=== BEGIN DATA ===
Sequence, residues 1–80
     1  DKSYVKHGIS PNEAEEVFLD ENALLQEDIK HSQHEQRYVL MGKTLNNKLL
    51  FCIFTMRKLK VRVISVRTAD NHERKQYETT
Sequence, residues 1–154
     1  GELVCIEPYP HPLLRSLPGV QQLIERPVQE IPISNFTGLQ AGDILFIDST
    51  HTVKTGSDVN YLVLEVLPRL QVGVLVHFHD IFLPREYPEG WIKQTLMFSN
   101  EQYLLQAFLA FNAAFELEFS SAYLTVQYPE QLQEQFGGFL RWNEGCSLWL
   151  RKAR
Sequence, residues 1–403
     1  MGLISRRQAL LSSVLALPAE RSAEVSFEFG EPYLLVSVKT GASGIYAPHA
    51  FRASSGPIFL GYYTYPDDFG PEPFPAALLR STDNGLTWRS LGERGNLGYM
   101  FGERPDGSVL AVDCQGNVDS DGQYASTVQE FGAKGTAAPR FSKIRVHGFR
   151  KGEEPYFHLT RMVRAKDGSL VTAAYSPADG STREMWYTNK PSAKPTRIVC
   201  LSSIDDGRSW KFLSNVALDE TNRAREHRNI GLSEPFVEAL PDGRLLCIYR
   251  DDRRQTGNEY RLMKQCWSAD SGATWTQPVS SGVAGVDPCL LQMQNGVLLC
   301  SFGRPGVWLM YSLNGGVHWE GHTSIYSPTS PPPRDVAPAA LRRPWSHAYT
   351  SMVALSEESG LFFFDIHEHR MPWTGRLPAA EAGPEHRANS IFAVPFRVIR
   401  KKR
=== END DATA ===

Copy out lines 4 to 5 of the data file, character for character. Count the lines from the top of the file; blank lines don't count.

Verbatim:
Sequence, residues 1–154
     1  GELVCIEPYP HPLLRSLPGV QQLIERPVQE IPISNFTGLQ AGDILFIDST